Shared Tasks, but Separated Controls. How to build a system of control for EU shared administration?

Based on: ‘Shared Tasks, but Separated Controls: Building the System of Control for Shared Administration in an EU Multi-Jurisdictional Setting’, EJRR, 2019.

In my first blog post for this blog page, I signaled a rapid proliferation of EU enforcement authorities (EEAs). These EEAs are an example of a growing administration of shared tasks – regulatory and enforcement – in the EU. The establishment of these complex, multi-level governance structures and decision-making procedures is necessary to address “wicked problems” (think, for instance, about the need to protect environment), which require cooperation of and involvement of various stakeholders. Establishing these complex structures and procedures requires in turn sophisticated systems of controls over public power to safeguard the rule of law. How to build such a system? My main argument is that it is through a framework in which a number of elements need to be connected. These elements include:

  • relevant concepts of control (accountability, protection of fundamental rights, etc);
  • types of controls (political, judicial, etc) that these concepts may represent;
  • analytical prisms that they may create (institutional, decision-driven and rights-driven); and
  • systems of controls belonging to different jurisdictions/legal orders in the EU (EU-national and national-national).

Connecting different concepts could enrich the analytical frameworks that individual concepts have been using. A useful connection is, for instance, an addition of the elements of the principle of effective judicial protection to one of the leading accountability frameworks, that of Bovens (see Scholten and Luchtman 2017). Before the information, discussion and sanctioning (the three stages distinguished by Bovens) can happen between public authorities and courts, it is essential to establish if there is any access to the court in the first place (one of the elements of the principle). Other useful connections could be explored in the future between the various concepts used in the study of the rule of law by ensuring the control over the executive branch (accountability, the protection of fundamental rights, the principle of judicial protection, liability and transparency; the list may not be exhaustive). The concepts of judicial deference and independence should also be noted, as they influence the ‘quantity and quality’ of controlling mechanisms, so that both the ideal of the rule of law and the need for effective operation of the executive can be maintained.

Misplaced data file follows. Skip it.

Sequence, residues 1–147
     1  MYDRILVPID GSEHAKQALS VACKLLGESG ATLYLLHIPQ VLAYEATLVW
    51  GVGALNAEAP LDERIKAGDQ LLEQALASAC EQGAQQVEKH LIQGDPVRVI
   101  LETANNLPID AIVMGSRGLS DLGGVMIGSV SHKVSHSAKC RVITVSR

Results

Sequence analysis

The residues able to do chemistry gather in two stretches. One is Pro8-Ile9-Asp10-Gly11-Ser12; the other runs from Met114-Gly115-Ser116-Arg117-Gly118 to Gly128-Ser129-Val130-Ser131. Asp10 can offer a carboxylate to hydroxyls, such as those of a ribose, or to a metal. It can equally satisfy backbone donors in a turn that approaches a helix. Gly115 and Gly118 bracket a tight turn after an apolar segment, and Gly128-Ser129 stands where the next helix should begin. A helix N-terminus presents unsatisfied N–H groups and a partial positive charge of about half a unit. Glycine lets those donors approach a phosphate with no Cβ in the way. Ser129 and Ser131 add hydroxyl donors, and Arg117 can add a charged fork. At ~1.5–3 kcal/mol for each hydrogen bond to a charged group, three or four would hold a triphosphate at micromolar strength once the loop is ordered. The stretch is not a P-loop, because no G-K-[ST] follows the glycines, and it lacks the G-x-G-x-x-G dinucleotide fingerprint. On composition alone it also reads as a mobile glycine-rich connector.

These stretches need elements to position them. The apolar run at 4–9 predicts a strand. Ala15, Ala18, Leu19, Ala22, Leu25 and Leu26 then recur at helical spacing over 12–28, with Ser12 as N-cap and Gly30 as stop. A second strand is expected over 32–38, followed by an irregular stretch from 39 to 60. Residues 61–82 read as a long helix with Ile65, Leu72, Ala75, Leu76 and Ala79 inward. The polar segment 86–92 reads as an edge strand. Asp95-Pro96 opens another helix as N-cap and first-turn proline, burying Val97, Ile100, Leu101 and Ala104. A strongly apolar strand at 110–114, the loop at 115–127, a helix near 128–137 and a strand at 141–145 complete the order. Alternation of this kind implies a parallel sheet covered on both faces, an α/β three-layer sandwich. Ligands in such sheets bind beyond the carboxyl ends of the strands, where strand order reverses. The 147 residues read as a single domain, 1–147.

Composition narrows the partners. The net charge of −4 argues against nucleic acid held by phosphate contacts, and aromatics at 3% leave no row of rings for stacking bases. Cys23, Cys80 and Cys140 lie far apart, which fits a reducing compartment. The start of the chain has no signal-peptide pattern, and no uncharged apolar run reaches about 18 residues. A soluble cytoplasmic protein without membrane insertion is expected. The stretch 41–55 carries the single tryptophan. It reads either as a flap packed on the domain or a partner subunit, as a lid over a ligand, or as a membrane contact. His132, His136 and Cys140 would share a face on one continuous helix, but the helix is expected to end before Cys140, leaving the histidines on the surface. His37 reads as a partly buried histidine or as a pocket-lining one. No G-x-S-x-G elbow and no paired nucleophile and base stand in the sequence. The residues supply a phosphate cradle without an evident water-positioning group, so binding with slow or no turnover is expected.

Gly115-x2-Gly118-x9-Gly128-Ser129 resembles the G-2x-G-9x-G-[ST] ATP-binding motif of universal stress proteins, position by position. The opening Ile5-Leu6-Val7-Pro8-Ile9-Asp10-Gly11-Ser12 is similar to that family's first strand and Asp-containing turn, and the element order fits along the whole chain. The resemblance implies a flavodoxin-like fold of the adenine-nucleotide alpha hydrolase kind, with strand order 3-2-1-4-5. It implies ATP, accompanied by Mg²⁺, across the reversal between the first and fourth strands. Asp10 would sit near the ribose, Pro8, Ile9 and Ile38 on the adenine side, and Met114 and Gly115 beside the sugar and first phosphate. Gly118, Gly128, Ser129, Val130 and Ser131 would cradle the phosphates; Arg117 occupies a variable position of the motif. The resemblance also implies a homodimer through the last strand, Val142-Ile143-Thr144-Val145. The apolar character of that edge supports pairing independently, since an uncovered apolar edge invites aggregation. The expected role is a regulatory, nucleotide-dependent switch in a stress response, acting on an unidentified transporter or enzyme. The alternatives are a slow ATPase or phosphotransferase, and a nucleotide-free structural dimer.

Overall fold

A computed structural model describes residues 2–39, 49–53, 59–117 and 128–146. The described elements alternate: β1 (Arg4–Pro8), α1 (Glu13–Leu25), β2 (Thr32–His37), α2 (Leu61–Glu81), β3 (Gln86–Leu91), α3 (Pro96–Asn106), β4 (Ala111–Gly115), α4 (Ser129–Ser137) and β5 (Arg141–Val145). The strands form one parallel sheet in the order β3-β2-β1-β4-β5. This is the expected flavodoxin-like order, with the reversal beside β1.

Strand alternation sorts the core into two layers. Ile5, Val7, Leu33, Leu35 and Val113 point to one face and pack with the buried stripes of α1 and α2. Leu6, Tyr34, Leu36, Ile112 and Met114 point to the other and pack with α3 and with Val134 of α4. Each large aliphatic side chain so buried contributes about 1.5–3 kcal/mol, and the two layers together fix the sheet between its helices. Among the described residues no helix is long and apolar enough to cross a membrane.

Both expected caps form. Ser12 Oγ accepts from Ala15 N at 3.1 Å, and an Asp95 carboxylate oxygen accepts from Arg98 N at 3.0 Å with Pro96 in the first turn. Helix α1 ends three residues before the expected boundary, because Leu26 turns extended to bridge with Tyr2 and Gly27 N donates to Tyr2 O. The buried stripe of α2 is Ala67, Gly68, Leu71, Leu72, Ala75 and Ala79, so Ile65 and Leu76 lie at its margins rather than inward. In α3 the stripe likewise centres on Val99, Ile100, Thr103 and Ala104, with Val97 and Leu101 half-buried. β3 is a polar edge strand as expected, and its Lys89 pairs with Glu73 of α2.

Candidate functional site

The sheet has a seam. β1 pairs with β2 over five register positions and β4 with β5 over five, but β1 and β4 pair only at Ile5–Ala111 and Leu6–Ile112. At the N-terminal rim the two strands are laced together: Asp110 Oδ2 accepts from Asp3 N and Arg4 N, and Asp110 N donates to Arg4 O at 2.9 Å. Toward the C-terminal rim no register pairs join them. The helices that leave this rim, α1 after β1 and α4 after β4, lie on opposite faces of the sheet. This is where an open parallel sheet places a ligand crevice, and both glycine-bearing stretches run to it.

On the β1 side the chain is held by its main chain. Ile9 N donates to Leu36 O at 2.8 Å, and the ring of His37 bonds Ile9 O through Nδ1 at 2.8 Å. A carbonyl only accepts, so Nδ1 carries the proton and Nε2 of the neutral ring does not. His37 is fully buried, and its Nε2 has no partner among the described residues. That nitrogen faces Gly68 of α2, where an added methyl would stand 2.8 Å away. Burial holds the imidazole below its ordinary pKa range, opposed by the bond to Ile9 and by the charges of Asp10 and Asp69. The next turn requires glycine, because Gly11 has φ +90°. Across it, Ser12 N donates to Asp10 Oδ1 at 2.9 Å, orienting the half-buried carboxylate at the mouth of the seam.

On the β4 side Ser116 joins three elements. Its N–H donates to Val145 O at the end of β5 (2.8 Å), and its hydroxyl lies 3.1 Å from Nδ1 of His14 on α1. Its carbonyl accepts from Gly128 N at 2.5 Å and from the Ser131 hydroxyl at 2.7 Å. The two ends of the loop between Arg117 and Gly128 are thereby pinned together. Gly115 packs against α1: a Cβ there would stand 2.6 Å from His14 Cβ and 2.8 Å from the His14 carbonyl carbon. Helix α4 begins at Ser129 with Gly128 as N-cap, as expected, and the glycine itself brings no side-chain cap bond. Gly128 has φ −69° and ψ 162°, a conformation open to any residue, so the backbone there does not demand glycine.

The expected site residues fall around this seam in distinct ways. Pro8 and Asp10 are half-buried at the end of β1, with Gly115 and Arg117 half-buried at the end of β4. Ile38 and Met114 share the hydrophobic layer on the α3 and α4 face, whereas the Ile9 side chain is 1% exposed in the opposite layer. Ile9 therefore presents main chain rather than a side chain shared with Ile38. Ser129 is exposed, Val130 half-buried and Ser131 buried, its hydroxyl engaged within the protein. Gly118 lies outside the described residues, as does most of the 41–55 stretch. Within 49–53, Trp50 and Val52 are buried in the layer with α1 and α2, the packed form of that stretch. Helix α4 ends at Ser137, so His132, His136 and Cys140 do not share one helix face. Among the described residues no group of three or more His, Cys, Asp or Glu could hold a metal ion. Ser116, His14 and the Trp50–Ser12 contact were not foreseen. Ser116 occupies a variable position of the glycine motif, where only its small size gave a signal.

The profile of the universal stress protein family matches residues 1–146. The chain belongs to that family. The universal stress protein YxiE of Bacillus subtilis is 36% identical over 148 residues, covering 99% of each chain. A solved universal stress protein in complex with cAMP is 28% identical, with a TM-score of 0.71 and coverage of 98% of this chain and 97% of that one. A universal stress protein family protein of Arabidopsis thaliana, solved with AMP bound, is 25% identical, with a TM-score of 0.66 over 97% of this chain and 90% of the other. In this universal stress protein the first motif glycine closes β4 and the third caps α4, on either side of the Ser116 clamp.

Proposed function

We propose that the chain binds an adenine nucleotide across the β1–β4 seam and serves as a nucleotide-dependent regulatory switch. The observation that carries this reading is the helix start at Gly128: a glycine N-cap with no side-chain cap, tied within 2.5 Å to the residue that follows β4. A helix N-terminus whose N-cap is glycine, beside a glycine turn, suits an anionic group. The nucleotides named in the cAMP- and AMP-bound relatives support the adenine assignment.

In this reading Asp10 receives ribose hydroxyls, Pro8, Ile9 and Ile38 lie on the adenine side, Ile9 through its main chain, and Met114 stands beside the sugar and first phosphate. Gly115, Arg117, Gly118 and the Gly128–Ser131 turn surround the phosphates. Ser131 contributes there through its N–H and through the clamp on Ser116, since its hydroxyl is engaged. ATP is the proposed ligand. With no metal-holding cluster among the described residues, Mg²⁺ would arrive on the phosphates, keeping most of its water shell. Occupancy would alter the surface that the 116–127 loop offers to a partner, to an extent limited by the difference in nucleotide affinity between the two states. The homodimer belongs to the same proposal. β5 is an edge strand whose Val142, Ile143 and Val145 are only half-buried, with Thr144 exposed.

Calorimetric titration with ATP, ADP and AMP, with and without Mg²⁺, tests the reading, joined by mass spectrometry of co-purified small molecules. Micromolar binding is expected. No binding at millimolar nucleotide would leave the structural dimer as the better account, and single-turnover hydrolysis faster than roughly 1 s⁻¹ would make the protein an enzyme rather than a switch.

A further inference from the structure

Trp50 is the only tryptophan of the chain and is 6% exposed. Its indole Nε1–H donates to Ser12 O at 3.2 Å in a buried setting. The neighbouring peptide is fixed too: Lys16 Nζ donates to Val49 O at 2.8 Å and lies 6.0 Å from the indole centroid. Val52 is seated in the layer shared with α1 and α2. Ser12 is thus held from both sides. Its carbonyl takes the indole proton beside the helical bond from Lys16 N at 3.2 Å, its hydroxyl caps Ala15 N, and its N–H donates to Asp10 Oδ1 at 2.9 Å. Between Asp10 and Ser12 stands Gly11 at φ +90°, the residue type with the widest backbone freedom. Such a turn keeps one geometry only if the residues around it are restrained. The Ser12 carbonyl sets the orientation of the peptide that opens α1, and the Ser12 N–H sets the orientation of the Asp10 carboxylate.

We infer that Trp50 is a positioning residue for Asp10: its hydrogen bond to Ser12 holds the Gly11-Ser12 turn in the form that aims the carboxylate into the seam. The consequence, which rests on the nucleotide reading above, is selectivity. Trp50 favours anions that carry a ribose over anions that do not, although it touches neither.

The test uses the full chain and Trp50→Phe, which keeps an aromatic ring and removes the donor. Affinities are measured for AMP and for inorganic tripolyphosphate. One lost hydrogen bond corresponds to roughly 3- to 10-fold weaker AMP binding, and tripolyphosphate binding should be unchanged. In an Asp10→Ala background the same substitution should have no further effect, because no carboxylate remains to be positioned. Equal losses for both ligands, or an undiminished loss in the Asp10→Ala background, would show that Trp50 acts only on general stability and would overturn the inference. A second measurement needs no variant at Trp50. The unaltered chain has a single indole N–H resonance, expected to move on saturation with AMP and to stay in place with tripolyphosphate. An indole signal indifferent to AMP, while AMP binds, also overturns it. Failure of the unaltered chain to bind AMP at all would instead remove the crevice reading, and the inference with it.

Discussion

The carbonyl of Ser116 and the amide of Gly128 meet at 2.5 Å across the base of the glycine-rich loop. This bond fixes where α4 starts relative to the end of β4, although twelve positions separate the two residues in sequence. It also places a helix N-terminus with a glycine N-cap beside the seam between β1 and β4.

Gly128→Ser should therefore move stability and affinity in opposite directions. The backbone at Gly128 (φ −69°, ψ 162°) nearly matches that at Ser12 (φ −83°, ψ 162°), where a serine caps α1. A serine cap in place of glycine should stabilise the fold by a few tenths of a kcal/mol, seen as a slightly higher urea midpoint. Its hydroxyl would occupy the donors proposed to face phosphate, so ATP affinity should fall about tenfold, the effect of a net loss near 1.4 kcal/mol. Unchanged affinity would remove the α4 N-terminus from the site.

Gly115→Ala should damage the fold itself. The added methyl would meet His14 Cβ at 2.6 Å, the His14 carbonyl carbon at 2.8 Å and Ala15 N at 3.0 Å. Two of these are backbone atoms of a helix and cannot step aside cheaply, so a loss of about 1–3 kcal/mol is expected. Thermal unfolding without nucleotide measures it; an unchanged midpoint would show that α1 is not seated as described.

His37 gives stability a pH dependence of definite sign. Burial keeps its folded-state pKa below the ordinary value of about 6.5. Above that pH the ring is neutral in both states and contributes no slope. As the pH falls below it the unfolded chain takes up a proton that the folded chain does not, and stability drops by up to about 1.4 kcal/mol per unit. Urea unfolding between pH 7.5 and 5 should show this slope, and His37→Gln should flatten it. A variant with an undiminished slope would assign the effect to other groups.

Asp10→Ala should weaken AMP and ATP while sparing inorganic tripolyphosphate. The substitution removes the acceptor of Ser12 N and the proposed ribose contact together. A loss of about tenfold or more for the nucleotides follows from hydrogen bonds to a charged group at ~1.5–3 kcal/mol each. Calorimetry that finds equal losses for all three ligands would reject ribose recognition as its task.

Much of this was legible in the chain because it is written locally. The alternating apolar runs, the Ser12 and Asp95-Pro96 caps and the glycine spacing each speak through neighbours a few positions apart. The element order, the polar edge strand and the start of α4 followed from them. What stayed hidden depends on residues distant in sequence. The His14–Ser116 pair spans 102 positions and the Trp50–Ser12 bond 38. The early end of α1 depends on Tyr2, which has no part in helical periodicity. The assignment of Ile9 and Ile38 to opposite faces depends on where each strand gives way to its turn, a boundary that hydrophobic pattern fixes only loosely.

Connecting different types of controls is useful to mitigate for the limits of individual types of controls. Different actions (and inactions) can require different types and degrees of controls over the public power. For instance, in the rule of law system, a legally-binding decision by a supervisor (fine, decision to inspect, etc) towards a company requires a possibility of a judicial check. However, the judicial check could be at times limited due to, for instance, the need to secure independence of the supervisor or judicial deference. The limits of the judicial check could be mitigated by establishing additional types of controls for the issues that the courts do not check by, for instance, political forums, Ombudsman and various societal stakeholders ex ante (e.g. enhancing participating during the decision-making process) and ex post (e.g. via reporting).